A psychologist friend once pointed out to me that you wouldn't go into a Rangers pub wearing a Celtic scarf when the two teams were playing. You'd assess the atmosphere, realise that staying would be a health and safety hazard and go somewhere else. Nor, was his theory, should you leave an ASD child in a situation where they aren't coping. You get them to a safe place, then replan and go back in better prepared so that they experience success, not failure. We view going into a HE group as a success and don't expect to last a whole session if it's noisy. I swallowed my pride and explained this to the leader at the start and they're fine about them joining in as much as they can on that day. It's frustrating sometimes, but we are moving steadily forward even if it sometimes feels as if we're going at a snail's pace.

    I think Simon's right about one thing. (Well, it's probably more than one, but one definitely in this post.) It would be so much easier if you could SEE autism!

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  19. Thanks for clarifying, Simon. I am relieved that it isn't your opinion. One last thought. You say 'even' the school has difficulty coping with them. Could this be because the school is not the right sensory environment for them, so they are inadvertently exacerbating the problem?

    Even with mature adults such as yourself, a day spent in a place you hate, doing tasks you do not understand the relevance of and that end just as you are getting into them while surrounded by smells, sights and sounds that are too intense for you and with no way to escape is not likely to leave you in a cooperative mood by the evening. A week of that makes you high on a Friday night because you've escaped, and progressively grouchier as the weekend speeds by and you know you'll be stuck there again for another week.

    Many children who are unbearable after a day at school (of which I sometimes had 2!) calm right down after 6 weeks or so at home when they start to realise that they can have some control over their sensory inputs. Then, once you've got a stable child, you can start to increase the inputs, with them knowing they can stop and pull back if they need to. I am not saying it is a cure. Like all children, they have their moments, but there are nothing like as many of them now they aren't in a hostile environment for 39 weeks of the year.

    The only environments I can think of where you are forced into such close contact with so many people in adult life are prison or a war zone and I suspect that the behaviour you report is as much linked to combat stress as autism.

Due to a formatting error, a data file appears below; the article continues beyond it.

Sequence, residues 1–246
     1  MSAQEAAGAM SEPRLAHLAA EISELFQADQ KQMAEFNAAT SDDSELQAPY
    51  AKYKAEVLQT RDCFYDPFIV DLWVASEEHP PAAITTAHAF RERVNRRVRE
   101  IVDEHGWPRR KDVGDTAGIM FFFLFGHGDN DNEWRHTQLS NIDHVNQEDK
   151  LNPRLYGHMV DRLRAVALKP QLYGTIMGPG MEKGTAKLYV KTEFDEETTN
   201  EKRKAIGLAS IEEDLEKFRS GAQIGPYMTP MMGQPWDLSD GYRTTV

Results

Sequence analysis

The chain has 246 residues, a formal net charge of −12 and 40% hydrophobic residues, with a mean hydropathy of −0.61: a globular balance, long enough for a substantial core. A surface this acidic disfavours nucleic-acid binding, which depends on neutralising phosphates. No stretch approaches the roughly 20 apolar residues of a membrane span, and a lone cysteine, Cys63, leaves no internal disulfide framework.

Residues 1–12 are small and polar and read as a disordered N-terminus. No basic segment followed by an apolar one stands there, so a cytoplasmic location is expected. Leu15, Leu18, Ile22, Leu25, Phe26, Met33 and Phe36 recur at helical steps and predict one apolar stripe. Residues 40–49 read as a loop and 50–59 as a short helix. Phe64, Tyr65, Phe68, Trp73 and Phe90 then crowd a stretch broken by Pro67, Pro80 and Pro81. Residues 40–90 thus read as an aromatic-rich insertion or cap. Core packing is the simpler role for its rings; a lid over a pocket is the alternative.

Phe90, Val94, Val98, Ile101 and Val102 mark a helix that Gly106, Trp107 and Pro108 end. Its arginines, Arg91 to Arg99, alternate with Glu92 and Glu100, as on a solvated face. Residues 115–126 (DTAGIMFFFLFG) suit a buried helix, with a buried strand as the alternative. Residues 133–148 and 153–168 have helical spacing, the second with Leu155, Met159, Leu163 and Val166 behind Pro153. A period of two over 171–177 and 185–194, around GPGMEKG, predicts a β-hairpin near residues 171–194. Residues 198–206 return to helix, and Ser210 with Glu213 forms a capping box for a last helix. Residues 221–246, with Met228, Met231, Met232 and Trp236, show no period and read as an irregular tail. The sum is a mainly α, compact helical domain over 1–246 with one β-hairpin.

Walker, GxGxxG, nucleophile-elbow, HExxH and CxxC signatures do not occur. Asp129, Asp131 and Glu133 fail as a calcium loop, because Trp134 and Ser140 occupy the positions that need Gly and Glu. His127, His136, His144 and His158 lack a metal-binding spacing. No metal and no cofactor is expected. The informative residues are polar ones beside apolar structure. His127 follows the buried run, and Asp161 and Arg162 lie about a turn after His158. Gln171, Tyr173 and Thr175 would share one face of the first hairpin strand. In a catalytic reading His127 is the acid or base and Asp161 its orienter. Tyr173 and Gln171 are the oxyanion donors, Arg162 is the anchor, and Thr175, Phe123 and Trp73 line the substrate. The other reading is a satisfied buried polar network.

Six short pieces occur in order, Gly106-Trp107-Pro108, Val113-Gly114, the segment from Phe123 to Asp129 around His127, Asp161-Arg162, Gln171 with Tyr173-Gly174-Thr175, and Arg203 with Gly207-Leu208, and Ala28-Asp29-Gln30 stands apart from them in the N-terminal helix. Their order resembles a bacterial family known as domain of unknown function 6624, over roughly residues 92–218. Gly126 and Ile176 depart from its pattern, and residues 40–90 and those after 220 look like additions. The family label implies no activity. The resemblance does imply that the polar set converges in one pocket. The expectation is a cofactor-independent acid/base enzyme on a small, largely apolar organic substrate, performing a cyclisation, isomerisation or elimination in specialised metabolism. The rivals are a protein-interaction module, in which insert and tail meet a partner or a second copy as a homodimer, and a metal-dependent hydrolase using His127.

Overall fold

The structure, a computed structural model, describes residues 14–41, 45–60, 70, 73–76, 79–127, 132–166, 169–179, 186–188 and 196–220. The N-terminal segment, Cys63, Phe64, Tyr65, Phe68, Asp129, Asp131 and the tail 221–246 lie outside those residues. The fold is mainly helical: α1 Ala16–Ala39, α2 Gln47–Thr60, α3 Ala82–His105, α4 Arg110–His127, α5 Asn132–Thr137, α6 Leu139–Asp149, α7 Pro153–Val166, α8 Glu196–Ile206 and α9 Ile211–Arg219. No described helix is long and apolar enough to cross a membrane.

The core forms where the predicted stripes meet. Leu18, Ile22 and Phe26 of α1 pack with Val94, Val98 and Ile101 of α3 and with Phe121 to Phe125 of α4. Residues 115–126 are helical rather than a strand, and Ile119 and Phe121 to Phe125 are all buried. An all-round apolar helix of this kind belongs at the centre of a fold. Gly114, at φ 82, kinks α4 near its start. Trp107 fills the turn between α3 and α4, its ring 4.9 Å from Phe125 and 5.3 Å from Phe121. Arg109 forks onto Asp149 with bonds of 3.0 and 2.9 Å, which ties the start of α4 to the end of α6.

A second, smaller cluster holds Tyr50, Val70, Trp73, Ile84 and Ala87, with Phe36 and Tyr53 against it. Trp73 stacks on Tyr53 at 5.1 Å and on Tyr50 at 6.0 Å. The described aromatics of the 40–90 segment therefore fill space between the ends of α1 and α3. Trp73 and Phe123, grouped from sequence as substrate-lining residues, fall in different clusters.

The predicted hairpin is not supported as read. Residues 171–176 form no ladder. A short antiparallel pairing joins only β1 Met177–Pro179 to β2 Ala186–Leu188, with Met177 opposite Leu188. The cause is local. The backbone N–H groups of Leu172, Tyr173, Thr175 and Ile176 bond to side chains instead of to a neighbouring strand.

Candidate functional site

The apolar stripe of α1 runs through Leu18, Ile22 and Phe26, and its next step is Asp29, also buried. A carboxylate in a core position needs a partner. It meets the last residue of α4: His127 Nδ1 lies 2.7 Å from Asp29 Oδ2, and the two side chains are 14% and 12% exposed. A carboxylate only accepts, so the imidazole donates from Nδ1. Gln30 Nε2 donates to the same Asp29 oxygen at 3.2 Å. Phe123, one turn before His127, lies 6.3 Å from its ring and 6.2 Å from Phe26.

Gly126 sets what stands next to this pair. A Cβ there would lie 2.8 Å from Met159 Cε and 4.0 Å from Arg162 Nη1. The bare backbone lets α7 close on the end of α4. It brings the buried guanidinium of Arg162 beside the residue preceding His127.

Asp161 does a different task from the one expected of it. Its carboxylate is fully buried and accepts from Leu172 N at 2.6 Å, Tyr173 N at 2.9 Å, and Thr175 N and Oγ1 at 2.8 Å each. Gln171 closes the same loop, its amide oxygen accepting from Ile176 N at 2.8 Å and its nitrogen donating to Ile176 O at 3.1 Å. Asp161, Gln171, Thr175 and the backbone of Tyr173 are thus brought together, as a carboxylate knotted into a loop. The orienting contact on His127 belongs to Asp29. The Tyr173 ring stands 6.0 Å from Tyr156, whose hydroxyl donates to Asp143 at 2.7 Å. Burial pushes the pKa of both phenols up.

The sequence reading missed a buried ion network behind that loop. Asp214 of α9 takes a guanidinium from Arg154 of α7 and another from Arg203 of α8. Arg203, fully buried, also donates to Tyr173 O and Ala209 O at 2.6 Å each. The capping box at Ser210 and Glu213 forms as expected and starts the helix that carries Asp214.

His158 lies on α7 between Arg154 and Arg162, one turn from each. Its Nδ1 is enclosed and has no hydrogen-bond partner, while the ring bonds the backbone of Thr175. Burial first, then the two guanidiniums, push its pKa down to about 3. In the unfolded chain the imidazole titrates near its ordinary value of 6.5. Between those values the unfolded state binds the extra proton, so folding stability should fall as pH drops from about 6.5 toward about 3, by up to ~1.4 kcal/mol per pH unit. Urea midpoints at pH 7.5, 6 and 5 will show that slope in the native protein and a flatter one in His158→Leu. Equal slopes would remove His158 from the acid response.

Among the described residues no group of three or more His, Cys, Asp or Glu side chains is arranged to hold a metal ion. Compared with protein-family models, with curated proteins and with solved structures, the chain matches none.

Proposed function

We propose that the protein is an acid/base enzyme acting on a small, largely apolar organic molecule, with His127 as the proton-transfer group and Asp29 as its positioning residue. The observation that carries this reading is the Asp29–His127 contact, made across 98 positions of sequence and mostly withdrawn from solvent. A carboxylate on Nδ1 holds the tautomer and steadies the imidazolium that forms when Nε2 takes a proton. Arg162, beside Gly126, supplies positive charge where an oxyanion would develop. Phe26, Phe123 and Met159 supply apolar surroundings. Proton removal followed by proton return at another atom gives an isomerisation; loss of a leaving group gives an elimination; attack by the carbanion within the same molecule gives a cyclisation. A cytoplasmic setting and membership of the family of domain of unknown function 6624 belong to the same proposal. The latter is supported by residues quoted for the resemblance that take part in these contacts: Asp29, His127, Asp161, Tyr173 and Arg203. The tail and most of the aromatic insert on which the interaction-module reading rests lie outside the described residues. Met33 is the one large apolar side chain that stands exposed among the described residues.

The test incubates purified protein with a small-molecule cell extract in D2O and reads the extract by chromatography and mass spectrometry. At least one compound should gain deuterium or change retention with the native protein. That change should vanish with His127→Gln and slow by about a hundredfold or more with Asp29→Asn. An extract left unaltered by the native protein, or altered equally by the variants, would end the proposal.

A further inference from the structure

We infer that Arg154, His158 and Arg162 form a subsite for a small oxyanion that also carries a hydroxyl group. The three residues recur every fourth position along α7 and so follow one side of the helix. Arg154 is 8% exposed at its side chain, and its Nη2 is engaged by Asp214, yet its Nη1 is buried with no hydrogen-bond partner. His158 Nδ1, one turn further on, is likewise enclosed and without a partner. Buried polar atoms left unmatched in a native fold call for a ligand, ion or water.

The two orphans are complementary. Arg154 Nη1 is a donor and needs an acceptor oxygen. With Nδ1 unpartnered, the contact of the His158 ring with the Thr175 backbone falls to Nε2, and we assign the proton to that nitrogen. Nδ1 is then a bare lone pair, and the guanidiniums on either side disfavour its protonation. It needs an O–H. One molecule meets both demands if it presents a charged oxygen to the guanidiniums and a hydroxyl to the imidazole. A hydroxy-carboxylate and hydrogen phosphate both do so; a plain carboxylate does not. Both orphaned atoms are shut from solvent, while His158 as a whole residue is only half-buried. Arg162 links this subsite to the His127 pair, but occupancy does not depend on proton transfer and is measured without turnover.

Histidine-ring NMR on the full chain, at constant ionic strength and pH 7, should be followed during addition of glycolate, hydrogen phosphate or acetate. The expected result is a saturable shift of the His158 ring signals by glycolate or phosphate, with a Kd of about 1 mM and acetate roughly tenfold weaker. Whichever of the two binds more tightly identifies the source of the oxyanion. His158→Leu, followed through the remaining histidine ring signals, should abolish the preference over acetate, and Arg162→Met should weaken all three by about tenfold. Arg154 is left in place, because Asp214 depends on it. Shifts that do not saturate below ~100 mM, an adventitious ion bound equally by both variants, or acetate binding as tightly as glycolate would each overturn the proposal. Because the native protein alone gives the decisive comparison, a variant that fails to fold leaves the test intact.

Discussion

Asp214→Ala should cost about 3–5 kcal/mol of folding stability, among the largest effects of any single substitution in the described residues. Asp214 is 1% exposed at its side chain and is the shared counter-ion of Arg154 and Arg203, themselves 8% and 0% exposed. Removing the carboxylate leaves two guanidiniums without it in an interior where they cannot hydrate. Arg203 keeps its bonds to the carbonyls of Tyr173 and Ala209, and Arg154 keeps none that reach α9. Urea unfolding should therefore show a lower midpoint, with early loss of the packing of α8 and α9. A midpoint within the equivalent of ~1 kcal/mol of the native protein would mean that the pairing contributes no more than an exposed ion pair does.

That child stuck on the top floor of a tower block is not likely to get as much of a chance to run off his energy in a safe space as he needs. All that energy then goes somewhere... and the old saying 'the devil finds work for idle hands' is all too true.

    I'd be very interested in your experience of inner city autism as opposed to mine of small town autism with easy access to a large, mostly traffic free park where a child can run off excess energy and a trampoline at home where they can do the same as necessary. The image you conjured up reminded me of rats trapped in a cage, gnawing at themselves and made me feel thoroughly sick.

    So if I seem more passionate than usual, then please put it down to anger at people who stand back and allow that to happen to children when there are so many simple, cheap things you can try. I have a sneaking suspicion that you might even feel that anger yourself sometimes. If you could somehow get this across to those officials who have voiced this point of view, then you could make such a difference.

    I am not saying HE will cure everything. I am saying give it a chance if the existing system isn't working and support rather than assume that it'll all end in tears. So often I have come across the attitude 'well, if we can't do it, you certainly can't.' when I can do it because I am NOT a teacher or a health professional. At its extreme you are left with the suspicion that people would rather a child failed conventionally than succeeded outside the system.

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  20. 'At its extreme you are left with the suspicion that people would rather a child failed conventionally than succeeded outside the system.'

    Ain't that the truth.

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  21. That's not my experience of people, they're simply not that opinionated on the subject. They tend to be rather underinformed about the Autism spectrum when it doesn't affect them directly, it is a very complicated field.
    I feel that your suspicions are informed by those who are similarly underinformed but have political motives to maintain.

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  22. "That's not my experience of people, they're simply not that opinionated on the subject. They tend to be rather underinformed about the Autism spectrum when it doesn't affect them directly, it is a very complicated field.
    I feel that your suspicions are informed by those who are similarly underinformed but have political motives to maintain."

    You could well be right. Usually I am too busy biting my tongue and resisting the urge to shake them warmly by the throat to look deeply into their motives! I just have this strange, old-fashioned feeling that people who are paid to provide a service should actually be capable of doing their jobs properly. If that job includes assessing the suitability of educational provision for a child with autism then they should look at sites like the National Autistic Society and get a basic idea of what that child might need before offering their 'wisdom'!